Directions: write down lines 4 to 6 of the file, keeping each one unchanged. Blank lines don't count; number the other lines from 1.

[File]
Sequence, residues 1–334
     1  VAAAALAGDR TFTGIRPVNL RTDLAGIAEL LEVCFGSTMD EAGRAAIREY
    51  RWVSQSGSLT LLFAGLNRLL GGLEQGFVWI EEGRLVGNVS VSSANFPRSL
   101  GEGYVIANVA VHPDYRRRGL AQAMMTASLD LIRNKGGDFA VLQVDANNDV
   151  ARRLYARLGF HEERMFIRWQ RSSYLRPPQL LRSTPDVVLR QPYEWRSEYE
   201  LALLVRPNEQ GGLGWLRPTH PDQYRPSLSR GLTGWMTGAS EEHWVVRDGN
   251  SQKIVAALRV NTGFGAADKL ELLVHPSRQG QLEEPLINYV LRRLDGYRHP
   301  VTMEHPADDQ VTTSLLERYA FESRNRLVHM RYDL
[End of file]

   101  GEGYVIANVA VHPDYRRRGL AQAMMTASLD LIRNKGGDFA VLQVDANNDV
   151  ARRLYARLGF HEERMFIRWQ RSSYLRPPQL LRSTPDVVLR QPYEWRSEYE
   201  LALLVRPNEQ GGLGWLRPTH PDQYRPSLSR GLTGWMTGAS EEHWVVRDGN